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originally posted by: burdman30ott6
originally posted by: Sremmos80
a reply to: RickyD
IMO he was stopped or had far less forward momentum then the car. The truck got sent up in the air a tad, doesn't that show that the car hit him harder then he hit the car?
No. 4x4 with a lift kit and off road (315?) tires is gonna go up and over pretty much any small car. I've done it from the side on the front fender of a Focus driving an old stock Scottsdale 4x4 with AT tires going about 20 MPH... right up and over the front end of the Foucs. (The Focus made an illegal lane change trying to grab the turn lane I was in.) truck vs car almost always will end up with the truck coming out on top.
originally posted by: Sremmos80
a reply to: burdman30ott6
But it didn't... that is why I thought that he had stopped or wasn't carrying much forward momentum.
I agree 100% that the truck would have no prob going over the car if he was on the gas pedal, but it seems others say that he was still on it so I guess the kid and the guy in the truck got lucky it didn't happen.
originally posted by: iosolomon
Anyone missing the real story behind this thread? What type of parents / grandparents did this society produce that would produce a kid stealing cars and nearly running over others? America is truly a disgusting nation, yet the American will say, "I am proud to be American."
Well the guy driving the truck is a cop, off duty at the time.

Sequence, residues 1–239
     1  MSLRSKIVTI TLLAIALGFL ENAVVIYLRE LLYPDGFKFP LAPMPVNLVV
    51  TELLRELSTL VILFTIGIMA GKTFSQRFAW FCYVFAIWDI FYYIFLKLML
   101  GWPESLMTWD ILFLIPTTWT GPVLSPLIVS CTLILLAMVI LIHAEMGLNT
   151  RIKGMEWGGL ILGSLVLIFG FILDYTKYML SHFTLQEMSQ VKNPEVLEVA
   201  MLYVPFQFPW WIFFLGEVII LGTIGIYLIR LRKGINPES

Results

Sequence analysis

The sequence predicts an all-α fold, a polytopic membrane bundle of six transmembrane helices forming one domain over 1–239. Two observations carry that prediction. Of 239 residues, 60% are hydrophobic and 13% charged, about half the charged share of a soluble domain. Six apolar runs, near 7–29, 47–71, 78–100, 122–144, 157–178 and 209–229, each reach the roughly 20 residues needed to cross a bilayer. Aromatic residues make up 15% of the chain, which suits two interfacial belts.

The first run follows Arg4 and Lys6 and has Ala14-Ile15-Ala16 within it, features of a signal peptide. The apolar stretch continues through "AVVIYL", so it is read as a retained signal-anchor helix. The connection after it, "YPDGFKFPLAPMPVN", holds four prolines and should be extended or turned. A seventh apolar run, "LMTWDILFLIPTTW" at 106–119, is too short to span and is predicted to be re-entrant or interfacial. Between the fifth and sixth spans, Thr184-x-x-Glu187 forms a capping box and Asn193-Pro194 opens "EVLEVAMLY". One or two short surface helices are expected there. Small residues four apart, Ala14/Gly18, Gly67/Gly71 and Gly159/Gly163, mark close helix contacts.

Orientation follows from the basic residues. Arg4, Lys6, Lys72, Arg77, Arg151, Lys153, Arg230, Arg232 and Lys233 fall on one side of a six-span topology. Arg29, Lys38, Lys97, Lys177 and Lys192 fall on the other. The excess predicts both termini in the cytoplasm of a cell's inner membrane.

Not sure in a situation like this if a civilian or off duty cop would be charged with reckless driving. Weird circumstance. I'd rather take the hit to the license and SR-22 than have a kid get run over personally.
§ 1212. Reckless driving. Reckless driving shall mean driving or using any motor vehicle, motorcycle or any other vehicle propelled by any power other than muscular power or any appliance or accessory thereof in a manner which unreasonably interferes with the free and proper use of the public highway, or unreasonably endangers users of the public highway. Reckless driving is prohibited. Every person violating this provision shall be guilty of a misdemeanor. 
"4. A private person acting on his own account may use physical force, other than deadly physical force, upon another person when and to the extent that he reasonably believes such to be necessary to effect an arrest or to prevent the escape from custody of a person whom he reasonably believes to have committed an offense [in his presence] and who in fact has committed such offense; and [after giving due notice of the grounds for the arrest] he may use deadly physical force for such purpose when he reasonably believes such to be necessary to:
(a) Defend himself or a third person from what he reasonably believes to be the use or imminent use of deadly physical force;...
"A Canajoharie, New York, car thief's efforts were put in park after a potential victim pressed a shotgun to the criminal's throat. Daniel J. Stetin foiled the crime after awaking for work and discovering his car already running outside. He grabbed a shotgun and went to investigate, while his wife grabbed the telephone and dialed 911. Confronted by an armed and angry Stetin, the crook rested quietly on the ground and waited for police to arrive. (The Sunday Gazette, Schenectady, NY, 5/21/95)"